What Makes Good Deeds Good? Convenor: AMRIT KAUR
The Talking Stick Colloquium # 91
It is almost a daily occurrence.
Someone or the other will come along and deliver a version of this: “I am a good man (or woman). I do no harm to anyone. I help my friends when they need me. I speak no ill of anyone … I need to do no more. Why do I need God in my life?”
It’s a sexy argument, which I have found difficult to respond.
I never do. I don’t see my mission in life to be to lead the horse to water, because I know that I can’t make him drink. Nothing will make him drink, unless he wants to.
But, I must confess, I have struggled with the same question on my own, from time to time.
Until I stopped one day when I came across this verse and tried to fathom it. I had read it before several times, even sung it, but never felt its import.
tapey tapisar jogee-a teerath gavan karey
Books of wisdom you might know by heart, and recite
Prayers and practice the penances of the yogis, all pilgrimages undertake
And twice perform the six good acts
(Learn and impart learning to others,
Sacrifice and make others give in sacrifice
Give alms and accept charity),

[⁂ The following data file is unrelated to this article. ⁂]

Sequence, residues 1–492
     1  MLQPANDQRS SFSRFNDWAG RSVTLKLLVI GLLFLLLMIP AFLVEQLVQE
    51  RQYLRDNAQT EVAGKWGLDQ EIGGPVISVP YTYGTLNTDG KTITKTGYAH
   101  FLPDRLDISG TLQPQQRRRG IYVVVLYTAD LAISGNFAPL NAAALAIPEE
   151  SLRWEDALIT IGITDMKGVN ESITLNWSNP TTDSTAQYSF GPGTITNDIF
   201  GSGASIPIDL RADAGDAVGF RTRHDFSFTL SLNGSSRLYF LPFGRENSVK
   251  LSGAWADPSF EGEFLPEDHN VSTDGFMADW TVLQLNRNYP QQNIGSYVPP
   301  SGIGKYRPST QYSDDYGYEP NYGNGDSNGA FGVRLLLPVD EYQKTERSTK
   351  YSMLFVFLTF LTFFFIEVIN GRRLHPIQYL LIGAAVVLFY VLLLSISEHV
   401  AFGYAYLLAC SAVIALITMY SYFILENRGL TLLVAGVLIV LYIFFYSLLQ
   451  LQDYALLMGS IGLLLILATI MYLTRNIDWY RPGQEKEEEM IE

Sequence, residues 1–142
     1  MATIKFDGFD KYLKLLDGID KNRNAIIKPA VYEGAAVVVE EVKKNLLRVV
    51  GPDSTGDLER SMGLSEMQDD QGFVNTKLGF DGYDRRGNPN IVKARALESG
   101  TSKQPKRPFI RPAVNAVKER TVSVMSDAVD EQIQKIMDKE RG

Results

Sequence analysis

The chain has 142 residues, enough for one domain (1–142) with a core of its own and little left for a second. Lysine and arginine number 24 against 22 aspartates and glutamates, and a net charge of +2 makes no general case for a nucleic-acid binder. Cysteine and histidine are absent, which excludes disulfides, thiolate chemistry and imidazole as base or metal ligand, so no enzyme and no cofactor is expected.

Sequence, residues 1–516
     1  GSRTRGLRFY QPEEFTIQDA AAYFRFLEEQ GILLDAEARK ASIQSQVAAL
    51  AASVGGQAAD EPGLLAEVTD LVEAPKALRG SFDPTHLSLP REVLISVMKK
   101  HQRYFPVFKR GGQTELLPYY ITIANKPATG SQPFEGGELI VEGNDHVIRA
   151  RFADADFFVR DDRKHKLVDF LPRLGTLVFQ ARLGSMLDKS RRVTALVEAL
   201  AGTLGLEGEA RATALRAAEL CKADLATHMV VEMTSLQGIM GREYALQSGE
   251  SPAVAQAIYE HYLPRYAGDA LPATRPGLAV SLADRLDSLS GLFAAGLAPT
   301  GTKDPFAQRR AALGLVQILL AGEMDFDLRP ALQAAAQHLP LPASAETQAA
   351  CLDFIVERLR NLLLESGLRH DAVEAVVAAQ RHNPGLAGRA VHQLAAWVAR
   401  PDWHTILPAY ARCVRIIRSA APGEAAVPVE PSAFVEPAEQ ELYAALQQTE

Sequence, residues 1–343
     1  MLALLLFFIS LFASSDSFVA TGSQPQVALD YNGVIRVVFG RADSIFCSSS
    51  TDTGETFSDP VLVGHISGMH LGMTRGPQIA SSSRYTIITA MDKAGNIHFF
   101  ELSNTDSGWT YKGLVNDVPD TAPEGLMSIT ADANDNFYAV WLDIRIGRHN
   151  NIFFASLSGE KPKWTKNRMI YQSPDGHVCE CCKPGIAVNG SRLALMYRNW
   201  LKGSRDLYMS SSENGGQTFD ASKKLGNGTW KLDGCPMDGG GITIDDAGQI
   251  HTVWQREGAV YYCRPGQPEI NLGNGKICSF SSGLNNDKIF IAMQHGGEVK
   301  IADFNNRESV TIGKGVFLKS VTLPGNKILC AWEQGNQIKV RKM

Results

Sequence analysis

Bathe in holy water and do worship.
If you love not the Lord with all your being,
It is all in vain and for you there is nothing but hell. [Guru Arjan, GGS:70]
A bit harsh, I thought, at first reading. If you do good and be good, it can still come to nought?
I have searched within and without for the answer, and have come to realize that all of the “good” deeds that we tend to do, come with baggage … a selfish goal, an egotistical reward.
Not by accident, either.
We seek them and savour them. If denied, we sulk and resent and turn away to other things which give more satisfaction.
I think what Guru Arjan is trying to say is that without doing it for God, everything we do, no matter how good, turns into a selfish or ego-driven exercise.
Not some bearded potentate sitting atop a throne somewhere high upstairs, hungering for praise and tribute and hosannas. But the One, the all pervading Being within us … and in all Creation.
By remembering the Oneness in all that we do, especially the good deeds, we do them in humility. Seeking no return, expecting no reward.
Doing it just for the love of God, if you may.
Without that core, that anchor, it stands diminished and quickly crumbles into dust.
Not unlike the “charity” we practice for the benefit of a tax-deductible receipt. The tax-save is all the reward you get. Beyond that gratification, there is nothing.
POINTS TO PONDER
Humility, it appears to me, is the central core of all things spiritual: the starting point and the end-point. Without it, it is all dust.
If that includes all ‘good’ deeds, charity, compassion, everything, then what makes deeds truly “good”?
Do you agree?
Would love your thoughts on this shabad.
[Shabad translation by Khushwant Singh.]
September 20, 2012
Conversation about this article
1: Baldev Singh (Bradford, United Kingdom), September 20, 2012, 7:36 AM.
This shabad is awesome. True good deeds are love-oriented and are not to be based on gratification!
2: Ravinder Singh (Mumbai, India), September 21, 2012, 9:35 AM.